With so many life demands, not to mention the craziness of the world we live in, waking up early in the morning can be tough enough, let alone waking up in a good mood. When I know I have to get up extra early to tackle a busy day of work and home priorities, I will often build in something to look forward to in the morning – such as listening to a travel-inspired podcast, taking a walk, or savoring a European-inspired sweet treat with my coconut almond milk latte. Or if I really need the extra motivation – I reward myself with all three …and all before I start the workday.
For me, anticipating what I’m going to eat for my have to get up early to embrace my 10-hour work day morning is half the motivation. And it’s no surprise that my go-to breakfast rewards just happen to have origins in Europe. So when I’m eating them, it’s almost as if I’m transported to Europe, even for a few minutes. Ok, not really, but did I mention my 10-hour work day? Still, there’s something about European pastries – whether you eat them for breakfast, dessert or anytime throughout the day – that make you dream of your favorite travels, and daydreaming seems to make the day a little brighter and happier. And let’s face it, we could all use brighter, happier days right about now.
So what are my favorite European breakfast pastries?
3 European Breakfast Pastries I’d Seriously Wake Up Early For
British Scones – Scones are my absolute favorite treat to have for breakfast or even an afternoon break. Believed to have originated in Scotland, the scone grew in popularity across the UK over many years, eventually becoming a staple for afternoon tea. I enjoyed my first authentic British scone during my first afternoon tea in Wales while traveling throughout the UK one summer. Although scones vary by country and region, I remember the traditional British scone as being plain, dense and crumbly – similar to a typical US biscuit but with less butter – and not too sweet. Hence, the scone was also accompanied by thick and sticky raspberry preserves and Devonshire clotted cream (a very thick cream that tastes like a combination of heavy whipped cream and butter). Modern day scones come in a variety of flavors and often contain currants, berries, chocolate chips, or nuts. My local US favorite is the Panera orange scone, although just about any maple walnut scone is a close second. While Panera’s scone is not exactly like a traditional British scone – it’s more fluffy and very sweet – it still reminds me of that first tea experience, and is just the incentive I need to get out of bed.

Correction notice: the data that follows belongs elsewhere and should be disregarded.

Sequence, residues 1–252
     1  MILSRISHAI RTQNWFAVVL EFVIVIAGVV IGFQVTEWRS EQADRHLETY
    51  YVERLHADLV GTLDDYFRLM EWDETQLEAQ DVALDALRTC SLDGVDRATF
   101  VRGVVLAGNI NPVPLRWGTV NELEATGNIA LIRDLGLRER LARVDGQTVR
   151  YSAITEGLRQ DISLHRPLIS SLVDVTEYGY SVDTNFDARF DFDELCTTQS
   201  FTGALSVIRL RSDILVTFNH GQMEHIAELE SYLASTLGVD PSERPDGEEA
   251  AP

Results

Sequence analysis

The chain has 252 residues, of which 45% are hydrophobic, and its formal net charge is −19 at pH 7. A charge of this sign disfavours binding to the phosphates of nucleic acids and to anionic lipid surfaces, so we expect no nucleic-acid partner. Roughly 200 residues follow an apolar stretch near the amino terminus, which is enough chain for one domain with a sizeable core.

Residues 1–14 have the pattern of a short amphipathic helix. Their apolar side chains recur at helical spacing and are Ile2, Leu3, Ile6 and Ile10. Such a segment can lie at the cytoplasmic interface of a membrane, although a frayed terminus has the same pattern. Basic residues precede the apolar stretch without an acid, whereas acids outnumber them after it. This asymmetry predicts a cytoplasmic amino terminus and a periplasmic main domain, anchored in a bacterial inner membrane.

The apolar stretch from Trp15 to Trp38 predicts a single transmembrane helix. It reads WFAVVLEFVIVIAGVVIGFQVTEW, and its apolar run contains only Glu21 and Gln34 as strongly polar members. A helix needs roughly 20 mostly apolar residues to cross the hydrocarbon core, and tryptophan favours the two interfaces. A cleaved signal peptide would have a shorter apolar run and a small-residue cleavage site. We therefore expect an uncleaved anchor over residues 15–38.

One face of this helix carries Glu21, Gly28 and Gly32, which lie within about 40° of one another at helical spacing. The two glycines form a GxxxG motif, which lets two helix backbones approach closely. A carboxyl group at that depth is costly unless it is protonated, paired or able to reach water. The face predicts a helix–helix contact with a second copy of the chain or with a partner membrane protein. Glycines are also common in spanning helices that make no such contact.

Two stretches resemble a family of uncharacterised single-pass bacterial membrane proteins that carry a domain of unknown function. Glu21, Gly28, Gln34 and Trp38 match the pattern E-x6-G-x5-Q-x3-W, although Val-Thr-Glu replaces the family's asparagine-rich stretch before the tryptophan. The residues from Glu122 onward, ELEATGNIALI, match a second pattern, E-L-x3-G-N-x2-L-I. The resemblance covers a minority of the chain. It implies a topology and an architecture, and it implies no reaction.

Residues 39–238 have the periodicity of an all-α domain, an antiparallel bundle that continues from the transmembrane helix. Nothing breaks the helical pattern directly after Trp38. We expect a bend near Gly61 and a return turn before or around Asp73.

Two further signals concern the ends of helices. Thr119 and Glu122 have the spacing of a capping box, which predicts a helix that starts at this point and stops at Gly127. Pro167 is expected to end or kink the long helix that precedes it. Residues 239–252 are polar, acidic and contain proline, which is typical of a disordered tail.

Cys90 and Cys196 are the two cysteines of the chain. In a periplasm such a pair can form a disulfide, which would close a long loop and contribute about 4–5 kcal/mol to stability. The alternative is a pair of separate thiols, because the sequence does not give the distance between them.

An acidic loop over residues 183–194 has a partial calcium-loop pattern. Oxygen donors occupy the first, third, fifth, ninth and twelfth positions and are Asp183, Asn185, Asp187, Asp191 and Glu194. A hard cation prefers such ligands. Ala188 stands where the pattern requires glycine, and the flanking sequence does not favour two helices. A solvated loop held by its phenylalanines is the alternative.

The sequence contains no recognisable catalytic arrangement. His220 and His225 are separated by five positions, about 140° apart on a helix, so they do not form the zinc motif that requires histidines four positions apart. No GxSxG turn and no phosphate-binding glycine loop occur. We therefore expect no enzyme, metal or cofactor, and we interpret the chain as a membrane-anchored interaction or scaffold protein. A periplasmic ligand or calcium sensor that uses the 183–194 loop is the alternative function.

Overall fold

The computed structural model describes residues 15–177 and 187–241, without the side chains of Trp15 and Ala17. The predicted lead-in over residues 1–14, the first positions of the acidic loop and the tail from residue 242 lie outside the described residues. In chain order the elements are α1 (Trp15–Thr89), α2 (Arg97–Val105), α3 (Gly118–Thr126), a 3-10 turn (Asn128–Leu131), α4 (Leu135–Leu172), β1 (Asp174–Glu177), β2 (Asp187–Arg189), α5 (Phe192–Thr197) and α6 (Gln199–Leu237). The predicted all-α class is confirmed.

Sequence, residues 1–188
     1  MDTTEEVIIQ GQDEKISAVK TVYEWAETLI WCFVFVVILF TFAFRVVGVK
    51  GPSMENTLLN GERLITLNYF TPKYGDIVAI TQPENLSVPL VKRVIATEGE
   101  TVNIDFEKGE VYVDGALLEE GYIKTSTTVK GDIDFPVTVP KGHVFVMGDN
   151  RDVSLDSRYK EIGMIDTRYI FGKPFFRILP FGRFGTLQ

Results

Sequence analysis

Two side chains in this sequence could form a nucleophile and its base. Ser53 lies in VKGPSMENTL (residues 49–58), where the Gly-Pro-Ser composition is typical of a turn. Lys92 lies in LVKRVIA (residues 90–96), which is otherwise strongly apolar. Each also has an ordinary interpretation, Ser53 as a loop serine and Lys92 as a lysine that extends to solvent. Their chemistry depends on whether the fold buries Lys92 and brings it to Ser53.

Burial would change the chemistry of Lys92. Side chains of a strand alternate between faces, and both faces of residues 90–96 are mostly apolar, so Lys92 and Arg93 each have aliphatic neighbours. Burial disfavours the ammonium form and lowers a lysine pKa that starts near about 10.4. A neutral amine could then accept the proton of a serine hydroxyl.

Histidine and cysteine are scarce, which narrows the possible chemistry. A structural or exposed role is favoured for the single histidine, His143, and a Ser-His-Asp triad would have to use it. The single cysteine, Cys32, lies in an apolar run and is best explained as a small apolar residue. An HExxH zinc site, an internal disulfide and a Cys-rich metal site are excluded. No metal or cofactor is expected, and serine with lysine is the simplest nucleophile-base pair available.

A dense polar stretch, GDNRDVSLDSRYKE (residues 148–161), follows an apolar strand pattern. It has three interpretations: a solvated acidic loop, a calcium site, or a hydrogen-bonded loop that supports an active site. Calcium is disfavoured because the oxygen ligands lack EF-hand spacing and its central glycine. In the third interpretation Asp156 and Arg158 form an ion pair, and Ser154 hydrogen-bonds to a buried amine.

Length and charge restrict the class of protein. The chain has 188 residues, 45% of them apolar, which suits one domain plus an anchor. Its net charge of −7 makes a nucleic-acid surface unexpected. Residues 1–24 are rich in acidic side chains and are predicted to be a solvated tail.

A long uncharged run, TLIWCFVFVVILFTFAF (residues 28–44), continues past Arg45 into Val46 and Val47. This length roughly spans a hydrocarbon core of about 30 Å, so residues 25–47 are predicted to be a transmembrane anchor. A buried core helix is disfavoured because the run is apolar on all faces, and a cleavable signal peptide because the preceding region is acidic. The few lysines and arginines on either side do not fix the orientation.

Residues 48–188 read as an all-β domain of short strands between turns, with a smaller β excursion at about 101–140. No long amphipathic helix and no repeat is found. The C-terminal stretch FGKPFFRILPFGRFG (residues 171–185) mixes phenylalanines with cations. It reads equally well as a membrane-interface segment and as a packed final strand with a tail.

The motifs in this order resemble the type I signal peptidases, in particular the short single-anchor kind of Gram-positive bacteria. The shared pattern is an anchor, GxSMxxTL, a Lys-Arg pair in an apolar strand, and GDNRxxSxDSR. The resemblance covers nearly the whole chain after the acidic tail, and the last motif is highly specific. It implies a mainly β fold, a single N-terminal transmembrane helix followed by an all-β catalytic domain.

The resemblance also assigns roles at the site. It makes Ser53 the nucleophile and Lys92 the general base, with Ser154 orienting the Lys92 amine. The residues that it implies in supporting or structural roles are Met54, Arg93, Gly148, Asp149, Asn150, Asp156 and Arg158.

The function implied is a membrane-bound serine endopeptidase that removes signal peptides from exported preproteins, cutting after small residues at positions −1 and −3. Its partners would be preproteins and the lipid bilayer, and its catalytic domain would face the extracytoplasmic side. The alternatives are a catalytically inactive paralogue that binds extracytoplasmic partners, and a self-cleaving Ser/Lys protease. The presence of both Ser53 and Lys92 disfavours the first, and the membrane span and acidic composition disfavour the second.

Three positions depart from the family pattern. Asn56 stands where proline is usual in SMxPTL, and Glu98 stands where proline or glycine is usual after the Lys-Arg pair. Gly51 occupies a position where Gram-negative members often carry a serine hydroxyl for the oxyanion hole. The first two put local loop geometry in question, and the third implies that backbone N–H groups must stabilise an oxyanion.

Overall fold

Dutch Stroopwafels – I first tried a stroopwafel while on a United Airlines flight on my way to Europe many years ago. I was curious and a little confused as to why I was being served what looked like a plain, prepackaged American waffle for breakfast but then quickly realized the stroopwafel was very different. Originating in the Netherlands, the wafel is much thinner and more like a wafer cookie. Two of the wafers are used to sandwich a sweet filling, like honey, caramel, chocolate or Nutella, creating a soft chewy center. The trick with these beauties is to set the wafel over your hot tea, coffee or latte just for a minute or two until the cookie warms up a bit (not too long or it will literally fall into your mug!) and then, just like magic, it becomes gooey perfection! Side note: Trader Joe’s sells Daelmans mini stroopwafels which are great if you just need a taste to get you by.
French Croissants – And finally, how could a blog post about European pastries be complete without a faux trip to France for a buttery, French croissant? Like the traditional British scone, plain croissants are not really sweet, but can be sweetened with preserves or flavored butter. But when you truly have an authentic French croissant – with all of its flaky and buttery goodness – adding anything else to it might distract from the true taste. While in Paris a few years back, I remember trying several types of croissants – almond, apple, chocolate and more. But when authentic and fresh out of the oven (or close to it), the classic, plain butter croissant is all you really need for morning motivation and a trip down a Parisian-inspired memory lane. I admit, it’s hard to find authentic French croissants in the US, however, the Galaxy Classic Croissants from Williams Sonoma are pretty darn close.